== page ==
We’ve got spirit, yes we do! Or… do we really?

By Charli Gilchrist, General Staff

No matter where you are in the school, you can step out of a classroom and find the walls littered with posters trying to engage students in spirit weeks, sports, and events, to try and show some school spirit. They’re almost blinding, but definitely eye-catching. We hang banners, we advertise on the announcements, but is it enough? Students at MTHS of all grades, especially freshmen, seem to have lost interest in our school. Compared to previous years, we have the least amount of participants in spirit days.
It’s not as though having the lower classes less interested is uncommon, at least in my experience, but why is that exactly? And why does it seem to be especially at Mountlake Terrace?
Junior Madeline Beam, who is a member of ASB, mentioned that a possible cause for the lack of spirit may be in the implementation of spirit events.
“A lot of the times the execution kind of falls through,” Beam said.
Even when students are aware of spirit events and want to join in, they can be deterred from participating when their peers aren’t.
“I care about it but I don’t see it a lot, so I don’t really partake in anything,” freshman Arsema Teklay said.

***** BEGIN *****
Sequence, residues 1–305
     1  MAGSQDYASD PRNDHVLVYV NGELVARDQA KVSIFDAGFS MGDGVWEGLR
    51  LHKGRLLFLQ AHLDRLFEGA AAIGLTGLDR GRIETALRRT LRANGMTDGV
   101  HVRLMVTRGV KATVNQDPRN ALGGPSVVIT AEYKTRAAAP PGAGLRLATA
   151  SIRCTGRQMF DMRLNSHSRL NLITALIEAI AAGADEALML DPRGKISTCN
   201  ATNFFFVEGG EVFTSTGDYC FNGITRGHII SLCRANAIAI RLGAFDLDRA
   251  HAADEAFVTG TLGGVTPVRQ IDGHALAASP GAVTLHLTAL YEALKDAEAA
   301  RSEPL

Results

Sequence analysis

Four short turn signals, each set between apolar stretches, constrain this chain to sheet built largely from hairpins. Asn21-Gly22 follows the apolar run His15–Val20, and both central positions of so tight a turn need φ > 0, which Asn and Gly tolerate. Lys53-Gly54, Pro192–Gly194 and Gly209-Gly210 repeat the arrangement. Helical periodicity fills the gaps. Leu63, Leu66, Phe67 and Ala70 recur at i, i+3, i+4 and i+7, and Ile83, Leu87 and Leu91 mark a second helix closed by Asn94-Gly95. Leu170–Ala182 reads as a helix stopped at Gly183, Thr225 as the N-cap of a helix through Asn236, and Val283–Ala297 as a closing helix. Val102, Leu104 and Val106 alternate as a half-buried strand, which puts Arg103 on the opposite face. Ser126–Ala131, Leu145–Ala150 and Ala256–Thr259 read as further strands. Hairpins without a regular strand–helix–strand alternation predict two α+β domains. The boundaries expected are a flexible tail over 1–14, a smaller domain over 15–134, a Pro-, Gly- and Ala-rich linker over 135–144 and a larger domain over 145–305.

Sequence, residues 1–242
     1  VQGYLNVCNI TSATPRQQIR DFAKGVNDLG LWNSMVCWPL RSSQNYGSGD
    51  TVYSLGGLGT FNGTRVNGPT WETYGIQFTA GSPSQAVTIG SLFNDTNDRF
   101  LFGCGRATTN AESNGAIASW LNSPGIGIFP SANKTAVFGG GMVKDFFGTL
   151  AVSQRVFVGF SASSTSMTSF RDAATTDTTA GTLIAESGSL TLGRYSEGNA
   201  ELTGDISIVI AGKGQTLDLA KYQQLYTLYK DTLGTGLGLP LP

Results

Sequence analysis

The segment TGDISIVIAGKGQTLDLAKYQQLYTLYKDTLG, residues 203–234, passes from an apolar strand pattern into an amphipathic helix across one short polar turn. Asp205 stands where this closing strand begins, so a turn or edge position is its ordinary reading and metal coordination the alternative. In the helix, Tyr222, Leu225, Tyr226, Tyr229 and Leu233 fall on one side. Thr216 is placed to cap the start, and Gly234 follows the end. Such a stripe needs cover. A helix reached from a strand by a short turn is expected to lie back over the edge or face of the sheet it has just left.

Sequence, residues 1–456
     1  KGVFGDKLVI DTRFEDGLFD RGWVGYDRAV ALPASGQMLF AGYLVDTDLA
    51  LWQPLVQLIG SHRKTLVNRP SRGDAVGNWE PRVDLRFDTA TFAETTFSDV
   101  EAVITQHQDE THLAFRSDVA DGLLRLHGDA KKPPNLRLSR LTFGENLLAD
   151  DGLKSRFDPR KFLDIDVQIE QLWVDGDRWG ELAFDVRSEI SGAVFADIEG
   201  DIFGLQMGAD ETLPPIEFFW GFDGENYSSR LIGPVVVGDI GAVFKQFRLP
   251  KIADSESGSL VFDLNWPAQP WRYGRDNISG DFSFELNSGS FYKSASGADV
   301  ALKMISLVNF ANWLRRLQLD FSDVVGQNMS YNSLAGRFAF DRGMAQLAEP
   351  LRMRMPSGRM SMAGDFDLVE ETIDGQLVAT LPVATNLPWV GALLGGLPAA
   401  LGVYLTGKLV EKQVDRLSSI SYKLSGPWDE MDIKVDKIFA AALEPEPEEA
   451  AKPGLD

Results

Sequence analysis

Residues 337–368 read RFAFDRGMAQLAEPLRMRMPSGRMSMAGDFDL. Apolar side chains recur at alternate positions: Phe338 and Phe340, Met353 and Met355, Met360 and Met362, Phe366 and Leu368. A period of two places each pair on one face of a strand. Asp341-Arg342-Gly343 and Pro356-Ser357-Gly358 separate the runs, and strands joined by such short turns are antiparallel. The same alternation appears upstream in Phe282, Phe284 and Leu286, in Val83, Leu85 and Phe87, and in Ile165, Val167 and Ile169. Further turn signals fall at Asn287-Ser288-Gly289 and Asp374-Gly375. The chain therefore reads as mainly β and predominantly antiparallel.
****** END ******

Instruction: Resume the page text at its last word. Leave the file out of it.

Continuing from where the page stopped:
She, similar to a good amount of people across the school, does not often participate. There is an element of herd mentality to school spirit, however the student body here doesn’t usually engage in it. Call it independent mindsets, or going through the motions, either way the result is a contagious attitude against participation. This apathy discourages other students who might have otherwise joined in on the fun.
Some students who would have joined the fun have difficulty doing so due to a lack of accommodations. Assemblies and sports events especially are something that neurodivergent kids tend to avoid because of the overstimulating nature of such events. It’s like a rolling ball of anxiety that becomes incredibly intimidating.
“As someone with sensory issues, maybe not having the spirit as physically loud? I feel like that might make it easier for neurodivergent people,” sophomore Kasey Bock suggested.
What can we do to fix the general lack of school spirit and engagement in our school? I have a simple proposal: community building. School spirit is all about the community, and currently ours isn’t very strong. We can start by bringing back things like Kahoots and games every now and then during PASS to get students more engaged and excited instead of barely listening to the announcements (and avoiding school work). This purposeful choice would be one way to move towards building and strengthening a community we can be proud of, and have fun in.